NEWS HEADLINES

Sports medicine goes moto

By Brandon Evans | Published Saturday, March 15, 2014

Tommy Maxey’s arms didn’t feel right after buzzing and roaring around the bumps, jumps and turns of the dirt track at the 38th annual FMF GNC International Motocross Final Friday morning at Oak Hill Motocross.

ON-SITE CARE – Crystal Montgomery with Fit-N-Wise works on Tommy Maxey’s arm pump right after the 16-year-old raced at Oak Hill Motocross Friday morning in Decatur. Messenger photo by Joe Duty

Located amid pastures between Decatur and Alvord, the track is miles from the nearest hospital. Fortunately for Maxey, who is a member of Team Horton’s amateur team, Wise Regional’s Fit-N-Wise had a complete sports performance and sports medicine team deployed at the racetrack throughout the event, which runs through Sunday.

Moments after stepping off his bike, Maxey was under the Fit-N-Wise tent receiving care for what physical therapist and trainer Tad Montgomery described as an arm pump, a type of compartment syndrome due to overuse of the arms.

Although Fit-N-Wise is an official sponsor of the five-man Team Horton, they are on hand to evaluate anyone during the race.

“We couldn’t ask for better people,” said Lexi Horton. “Fit-N-Wise works with our guys on training, nutrition and evaluating injuries. We want our riders to be 100 percent when they ride. If not, you can injure yourself even worse.”

Next to Maxey under the tent was a bi-lateral functioning knee brace by CTI. Knee injuries are notorious among motocross racers.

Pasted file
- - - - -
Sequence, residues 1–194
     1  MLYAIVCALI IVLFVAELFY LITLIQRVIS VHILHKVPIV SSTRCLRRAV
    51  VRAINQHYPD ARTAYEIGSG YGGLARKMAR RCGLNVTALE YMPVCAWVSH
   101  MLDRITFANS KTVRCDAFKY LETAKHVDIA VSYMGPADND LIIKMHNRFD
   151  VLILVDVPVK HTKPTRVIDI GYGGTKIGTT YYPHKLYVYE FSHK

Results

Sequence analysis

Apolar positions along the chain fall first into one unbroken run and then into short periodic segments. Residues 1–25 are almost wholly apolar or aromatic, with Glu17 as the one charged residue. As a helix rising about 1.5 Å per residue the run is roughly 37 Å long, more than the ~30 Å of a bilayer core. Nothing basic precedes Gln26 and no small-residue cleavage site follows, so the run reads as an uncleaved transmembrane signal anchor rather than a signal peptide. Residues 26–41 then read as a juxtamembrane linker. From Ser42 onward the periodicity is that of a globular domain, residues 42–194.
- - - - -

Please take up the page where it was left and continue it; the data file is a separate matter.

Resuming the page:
Health Team

HEALTH TEAM – Horton Racing’s amateur team is sponsored by Fit-N-Wise Sports Performance and Sport Medicine. Pictured (from left) are Cody Williams, Luke Renzland, Henry Miller, Tommy Maxey and John Short. Messenger photo by Joe Duty

“About 80 percent of riders wear them,” Montgomery said. “Knees do so much of the work when you are on the ground and in the air.”

Behind the tent, the Fit-N-Wise team brought a small trailer complete with an X-ray machine. In just two days, they’d already looked at a couple of riders with broken clavicles.

“It’s a mini C-arm,” said Jake Plummer, an X-ray technician with Fit-N-Wise. “It uses almost no radiation, so it’s safe to use out here.”

Plummer demonstrates by placing his hand under the X-ray. The touchscreen displays his skeletal hand and even the motion as he makes a fist. Within a moment, it can print out a Polaroid-like photograph of the X-ray.

Such a complete medical station is normally reserved for professional motocross events.

“This is the first time there has been a tent like this at an amateur event,” Montgomery said. “And (Oak Hill) is the hub of youth motocross in North Texas.”

In a sport known for traumatic injury, any extra health care is boon for the young riders.

“In this sport, it’s not a matter of if you’re going to get hurt, but when,” Montgomery said.

At this event, at least, Fit-N-Wise sports performance and sports medicine is there when they fall.

Kicking Up Dirt

KICKIN’ UP DIRT – Tommy Maxey makes the dirt fly as he goes around a curve on the motocross track northwest of Decatur. Messenger photo by Joe Duty

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